The Long-Beaked Common Dolphin s a species of common dolphin. It has a more restricted range than the Short-beaked common dolphin (D. delphis). It has a disjointed range in coastal areas in tropical and warmer temperate oceans. The range includes parts of western and southern Africa, much of western South America, central California to central Mexico, coastal Peru, areas around Japan, Korea and Taiwan, and possibly near Oman. Vagrants have been recorded as far north as Vancouver Island.
Physcial Characteristics Edit
The Long-beaked common dolphin is a medium sized dolphin, smaller than the more popular bottlenose dolphin. Adults range between 1.9 and 2.5 meters (6.2 and 8.2 ft), long, and can weigh between 80 and 235 kilograms (180 and 520 lb), although a range between 80 and 150 kilograms (180 and 330 lb) is more common. Males are generally longer and heavier. The color pattern on the body is unusual. The back is dark and the belly is white, while on each side is an hourglass pattern colored light grey, yellow or gold in front and dirty grey in back. It has a long, thin rostrum with up to 50–60 small, sharp, interlocking teeth on each side of each jaw.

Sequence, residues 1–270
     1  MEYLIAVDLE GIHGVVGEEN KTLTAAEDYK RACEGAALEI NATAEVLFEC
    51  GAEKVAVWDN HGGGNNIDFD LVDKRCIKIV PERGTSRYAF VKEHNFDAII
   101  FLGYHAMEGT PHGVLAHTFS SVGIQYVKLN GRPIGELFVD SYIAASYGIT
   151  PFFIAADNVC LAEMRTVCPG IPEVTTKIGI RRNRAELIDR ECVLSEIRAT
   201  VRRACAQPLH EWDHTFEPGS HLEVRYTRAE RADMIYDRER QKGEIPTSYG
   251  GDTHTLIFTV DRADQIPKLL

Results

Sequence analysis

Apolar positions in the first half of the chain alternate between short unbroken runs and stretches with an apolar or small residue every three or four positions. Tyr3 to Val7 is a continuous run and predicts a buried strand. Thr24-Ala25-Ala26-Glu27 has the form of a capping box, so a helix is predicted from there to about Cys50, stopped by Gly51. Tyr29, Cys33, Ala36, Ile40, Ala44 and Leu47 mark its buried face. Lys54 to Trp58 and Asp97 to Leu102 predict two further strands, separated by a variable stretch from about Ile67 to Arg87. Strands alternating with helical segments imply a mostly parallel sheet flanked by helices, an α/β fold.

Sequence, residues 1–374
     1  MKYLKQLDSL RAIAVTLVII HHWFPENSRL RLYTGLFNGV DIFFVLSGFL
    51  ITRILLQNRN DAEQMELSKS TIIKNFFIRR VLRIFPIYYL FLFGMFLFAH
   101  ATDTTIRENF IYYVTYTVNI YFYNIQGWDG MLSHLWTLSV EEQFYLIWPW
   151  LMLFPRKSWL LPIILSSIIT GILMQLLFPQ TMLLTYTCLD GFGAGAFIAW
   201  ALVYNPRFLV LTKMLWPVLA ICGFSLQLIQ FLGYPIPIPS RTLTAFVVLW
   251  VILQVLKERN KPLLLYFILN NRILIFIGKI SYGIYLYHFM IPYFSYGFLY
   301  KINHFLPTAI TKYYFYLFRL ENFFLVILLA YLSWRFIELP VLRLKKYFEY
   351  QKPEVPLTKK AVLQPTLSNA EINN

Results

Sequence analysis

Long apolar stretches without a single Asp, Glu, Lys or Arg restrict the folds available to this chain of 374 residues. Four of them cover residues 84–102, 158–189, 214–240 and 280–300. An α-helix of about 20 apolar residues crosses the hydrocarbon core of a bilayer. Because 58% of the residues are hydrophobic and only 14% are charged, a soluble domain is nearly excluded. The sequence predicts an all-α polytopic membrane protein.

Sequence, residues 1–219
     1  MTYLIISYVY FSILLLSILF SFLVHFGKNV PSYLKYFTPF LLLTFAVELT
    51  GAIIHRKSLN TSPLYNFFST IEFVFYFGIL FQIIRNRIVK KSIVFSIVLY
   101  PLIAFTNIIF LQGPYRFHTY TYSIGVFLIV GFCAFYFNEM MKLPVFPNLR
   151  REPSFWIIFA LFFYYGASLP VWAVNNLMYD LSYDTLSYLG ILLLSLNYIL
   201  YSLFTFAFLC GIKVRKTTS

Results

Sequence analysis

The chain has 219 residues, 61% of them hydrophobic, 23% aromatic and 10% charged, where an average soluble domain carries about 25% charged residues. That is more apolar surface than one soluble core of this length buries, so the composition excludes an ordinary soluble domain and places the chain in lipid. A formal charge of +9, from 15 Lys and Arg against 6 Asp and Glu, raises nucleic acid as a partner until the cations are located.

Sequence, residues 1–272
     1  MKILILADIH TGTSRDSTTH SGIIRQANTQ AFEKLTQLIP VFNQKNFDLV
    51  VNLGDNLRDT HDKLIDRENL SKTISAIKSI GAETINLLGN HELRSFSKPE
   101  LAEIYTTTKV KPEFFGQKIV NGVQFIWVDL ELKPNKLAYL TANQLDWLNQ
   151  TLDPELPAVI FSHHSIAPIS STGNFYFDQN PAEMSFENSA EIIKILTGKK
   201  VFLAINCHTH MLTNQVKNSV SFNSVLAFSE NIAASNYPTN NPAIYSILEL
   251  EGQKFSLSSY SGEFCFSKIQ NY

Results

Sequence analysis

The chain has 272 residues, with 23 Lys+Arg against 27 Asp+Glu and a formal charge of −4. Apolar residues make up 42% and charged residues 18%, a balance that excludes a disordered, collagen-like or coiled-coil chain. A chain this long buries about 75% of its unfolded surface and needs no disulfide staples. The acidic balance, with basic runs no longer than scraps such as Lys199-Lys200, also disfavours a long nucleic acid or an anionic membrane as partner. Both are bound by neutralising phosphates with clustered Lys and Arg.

Long-beaked common dolphins can live in aggregations of hundreds or even thousands of dolphins. They sometimes associate with other dolphin species, such as pilot whales. They have also been observed bow riding on baleen whales, and they also bow ride on boats. Breaching behavior and aerial acrobatics are common with this species.
The Long-beaked common dolphin has a varied diet consisting of many species of fish and squid that live less than 200 meters (660 ft) deep.